LastPass, a popular password management service, is spinning off from its parent company, LogMeIn, and has announced new features to entice users away from competing password managers.
In its official announcement, LastPass was light on the details about the new tools, though said it plans to roll them out at a much faster pace in 2022 than in previous years.
The list of features includes “faster, seamless” password filling, along with an improved, “delightful” mobile app. For its corporate customers, LastPass plans to bring in more third-party integrations. It will also beef up its support channels and revamp its website.
“Don’t worry,” LogMeIn President and CEO Bill Wagner wrote. “There are no changes to your account or data in your vault.”
Wagner said the company is directly investing in improving its offerings based on previous customer feedback.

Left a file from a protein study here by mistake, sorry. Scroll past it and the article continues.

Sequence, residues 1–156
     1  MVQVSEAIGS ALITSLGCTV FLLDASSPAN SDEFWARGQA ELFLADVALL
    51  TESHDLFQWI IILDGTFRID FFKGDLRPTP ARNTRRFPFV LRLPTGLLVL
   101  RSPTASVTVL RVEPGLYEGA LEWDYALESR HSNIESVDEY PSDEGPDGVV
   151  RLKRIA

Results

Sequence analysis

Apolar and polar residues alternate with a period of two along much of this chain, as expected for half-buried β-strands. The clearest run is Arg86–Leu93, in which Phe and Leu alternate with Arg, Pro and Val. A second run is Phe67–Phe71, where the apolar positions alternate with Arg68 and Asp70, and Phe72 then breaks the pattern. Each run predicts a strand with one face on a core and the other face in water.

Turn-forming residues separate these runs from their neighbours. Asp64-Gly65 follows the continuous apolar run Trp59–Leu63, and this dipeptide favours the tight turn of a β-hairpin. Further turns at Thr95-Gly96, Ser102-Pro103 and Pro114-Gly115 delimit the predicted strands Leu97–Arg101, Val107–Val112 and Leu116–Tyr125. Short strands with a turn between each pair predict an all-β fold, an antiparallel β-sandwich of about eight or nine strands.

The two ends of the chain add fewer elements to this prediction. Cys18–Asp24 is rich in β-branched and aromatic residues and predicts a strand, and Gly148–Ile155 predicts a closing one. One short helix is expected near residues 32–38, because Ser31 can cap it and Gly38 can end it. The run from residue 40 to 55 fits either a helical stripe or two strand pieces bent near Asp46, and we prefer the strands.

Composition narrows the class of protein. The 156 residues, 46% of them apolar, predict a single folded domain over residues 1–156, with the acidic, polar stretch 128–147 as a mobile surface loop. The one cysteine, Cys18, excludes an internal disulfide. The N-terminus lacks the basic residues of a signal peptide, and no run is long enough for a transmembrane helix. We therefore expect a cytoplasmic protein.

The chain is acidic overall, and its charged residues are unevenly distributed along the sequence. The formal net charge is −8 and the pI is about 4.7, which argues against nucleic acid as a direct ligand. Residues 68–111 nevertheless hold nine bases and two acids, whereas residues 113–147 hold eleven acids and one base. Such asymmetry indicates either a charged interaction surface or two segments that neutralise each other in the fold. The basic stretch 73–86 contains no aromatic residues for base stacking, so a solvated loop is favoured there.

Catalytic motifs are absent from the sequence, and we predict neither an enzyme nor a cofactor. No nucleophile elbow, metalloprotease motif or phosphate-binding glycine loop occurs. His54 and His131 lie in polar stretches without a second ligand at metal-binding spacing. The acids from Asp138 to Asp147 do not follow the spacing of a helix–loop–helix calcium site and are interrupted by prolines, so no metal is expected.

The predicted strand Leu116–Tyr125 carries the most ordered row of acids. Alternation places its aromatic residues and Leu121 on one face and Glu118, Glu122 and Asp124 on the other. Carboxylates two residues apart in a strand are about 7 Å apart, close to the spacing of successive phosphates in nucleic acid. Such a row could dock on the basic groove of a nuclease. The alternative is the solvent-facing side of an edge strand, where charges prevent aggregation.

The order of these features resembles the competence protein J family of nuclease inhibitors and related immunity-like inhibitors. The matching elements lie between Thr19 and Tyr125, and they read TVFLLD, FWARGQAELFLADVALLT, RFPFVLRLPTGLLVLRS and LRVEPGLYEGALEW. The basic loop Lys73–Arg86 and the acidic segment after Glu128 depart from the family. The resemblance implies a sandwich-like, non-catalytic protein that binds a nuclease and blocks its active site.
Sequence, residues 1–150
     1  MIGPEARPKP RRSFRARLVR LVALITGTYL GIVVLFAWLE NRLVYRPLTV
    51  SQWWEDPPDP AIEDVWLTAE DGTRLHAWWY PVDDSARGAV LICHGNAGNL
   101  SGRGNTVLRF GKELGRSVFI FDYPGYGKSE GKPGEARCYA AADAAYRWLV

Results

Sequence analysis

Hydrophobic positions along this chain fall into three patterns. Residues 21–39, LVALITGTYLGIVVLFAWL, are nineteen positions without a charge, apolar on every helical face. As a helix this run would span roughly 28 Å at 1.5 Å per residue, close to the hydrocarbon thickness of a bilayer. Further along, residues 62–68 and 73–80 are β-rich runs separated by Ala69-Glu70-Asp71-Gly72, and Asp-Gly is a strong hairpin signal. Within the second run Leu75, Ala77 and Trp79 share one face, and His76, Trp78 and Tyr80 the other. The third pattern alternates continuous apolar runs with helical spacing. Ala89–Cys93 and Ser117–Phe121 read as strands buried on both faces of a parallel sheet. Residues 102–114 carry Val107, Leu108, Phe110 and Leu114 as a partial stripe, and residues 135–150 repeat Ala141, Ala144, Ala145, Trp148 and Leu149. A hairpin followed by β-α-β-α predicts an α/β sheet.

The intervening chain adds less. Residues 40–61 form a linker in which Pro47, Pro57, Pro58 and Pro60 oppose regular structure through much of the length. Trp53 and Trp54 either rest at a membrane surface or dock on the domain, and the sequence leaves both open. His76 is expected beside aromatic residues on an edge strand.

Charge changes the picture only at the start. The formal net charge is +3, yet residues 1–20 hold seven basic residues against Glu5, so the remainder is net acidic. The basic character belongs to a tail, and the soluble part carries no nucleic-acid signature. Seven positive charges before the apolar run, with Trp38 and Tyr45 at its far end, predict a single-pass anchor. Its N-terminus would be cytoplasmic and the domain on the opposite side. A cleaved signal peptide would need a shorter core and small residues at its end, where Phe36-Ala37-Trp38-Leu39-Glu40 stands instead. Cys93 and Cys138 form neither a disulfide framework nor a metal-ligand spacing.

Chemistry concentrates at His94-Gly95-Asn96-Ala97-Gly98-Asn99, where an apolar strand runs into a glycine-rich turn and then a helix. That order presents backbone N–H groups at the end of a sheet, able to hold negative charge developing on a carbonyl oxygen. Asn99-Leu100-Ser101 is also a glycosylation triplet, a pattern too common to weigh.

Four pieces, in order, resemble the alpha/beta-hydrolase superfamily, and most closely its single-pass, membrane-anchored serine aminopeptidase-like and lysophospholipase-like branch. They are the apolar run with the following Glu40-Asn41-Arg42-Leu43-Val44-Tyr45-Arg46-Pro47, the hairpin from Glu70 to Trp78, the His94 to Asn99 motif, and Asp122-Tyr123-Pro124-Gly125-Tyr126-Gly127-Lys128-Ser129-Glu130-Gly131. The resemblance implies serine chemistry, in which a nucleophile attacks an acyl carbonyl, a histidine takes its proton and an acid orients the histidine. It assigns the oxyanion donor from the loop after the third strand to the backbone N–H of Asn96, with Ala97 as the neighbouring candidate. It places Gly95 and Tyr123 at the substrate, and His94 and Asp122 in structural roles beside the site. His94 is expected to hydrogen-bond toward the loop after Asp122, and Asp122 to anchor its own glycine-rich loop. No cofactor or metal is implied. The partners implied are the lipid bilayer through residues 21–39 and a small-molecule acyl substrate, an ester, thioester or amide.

LogMeIn acquired LastPass in 2015 when it was merely a startup. The company also owns GoToConnect, GoToMeeting, and Rescue, all of which seem to cater mainly to remote work and enterprise users. LastPass currently has about 30 million users and 85,000 businesses worldwide that use its suite, according to Yahoo! Finance.
But this announcement comes as part of a broader strategy to make LastPass more consumer-friendly. Though the company has remained steady and even seen a bit of growth since the pandemic forced us all to work remotely, it also has more competition than before. Companies like 1Password, Dashlane, and Bitwarden offer similar-grade password management, and Google, Microsoft, and Apple all feature secure vaults in some capacity on their respective devices, browsers, and operating systems.
LastPass also ruffled customer feathers earlier this year when it announced a reconfiguration of its free tier. Free users can only use one device at a time as a dedicated password vault, which means you can’t protect your data for both your smartphone and computer—you can only choose one.
LastPass is undoubtedly working on enticing people back over with new features. But a company spokesperson told The Verge that there are no plans to change its pricing, which might prove like a tough sell to consumers. As more online accounts migrate towards using single sign-on (SSO) and multi-factor authentication (MFA), LastPass will have to figure out how to differentiate itself and make its service worth the subscription.